For a company whose motto is "Don't be evil", Google is starting to look remarkably demonic. Or more Big Brother-like than the current surveillance society we live in in the UK -- and that's saying something.
In a speech reported in the Financial Times, Eric Schmidt, Google CEO said:
"We are very early in the total information we have within Google. The algorithms will get better and we will get better at personalisation.
"The goal is to enable Google users to be able to ask the question such as 'What shall I do tomorrow?' and 'What job shall I take?' "
Any organisation that gathers enough personal information on its users to be able to tell them what they should do the with their lives will be using technology in a very intrusive way. All so it can personalise ads, and maximise its ad revenues.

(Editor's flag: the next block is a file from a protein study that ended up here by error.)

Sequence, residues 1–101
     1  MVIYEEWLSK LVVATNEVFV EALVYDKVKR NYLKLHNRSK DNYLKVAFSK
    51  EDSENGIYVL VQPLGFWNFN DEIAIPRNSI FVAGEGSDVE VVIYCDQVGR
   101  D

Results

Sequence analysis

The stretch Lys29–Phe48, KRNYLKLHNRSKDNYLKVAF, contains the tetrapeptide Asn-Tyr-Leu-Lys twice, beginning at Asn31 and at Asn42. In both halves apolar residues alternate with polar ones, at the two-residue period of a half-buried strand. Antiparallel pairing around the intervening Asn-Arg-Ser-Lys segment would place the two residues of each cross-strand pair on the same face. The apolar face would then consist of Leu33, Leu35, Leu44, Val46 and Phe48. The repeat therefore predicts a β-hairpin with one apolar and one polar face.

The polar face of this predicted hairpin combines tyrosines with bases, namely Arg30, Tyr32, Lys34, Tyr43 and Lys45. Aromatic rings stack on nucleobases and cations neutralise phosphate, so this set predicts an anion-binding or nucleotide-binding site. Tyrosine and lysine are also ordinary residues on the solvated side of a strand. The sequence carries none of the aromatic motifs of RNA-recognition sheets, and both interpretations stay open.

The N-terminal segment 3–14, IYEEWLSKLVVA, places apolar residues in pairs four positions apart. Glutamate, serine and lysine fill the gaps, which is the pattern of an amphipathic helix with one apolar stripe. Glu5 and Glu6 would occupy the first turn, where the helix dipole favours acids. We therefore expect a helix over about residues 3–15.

What about privacy? And more importantly, would you ask Google which job you should take? And would you take the answer seriously?
Users do have a choice of search engines and sites, but just how ubiquitous will Google become?
Microsoft's motto has never been "Don't be evil". The software giant is also developing privacy-busting tech, in the form of software that can identify an individual merely from their web-browsing habits.
The New Scientist says:
"The computing giant is developing software that could accurately guess your name, age, gender and potentially even your location, by analysing telltale patterns in your web browsing history."
Ok, everyone's got to make a buck, but honestly Microsoft and Google, is it worth infringing people's civil liberties to do so?
What's your opinion? Is Google evil? Is Microsoft?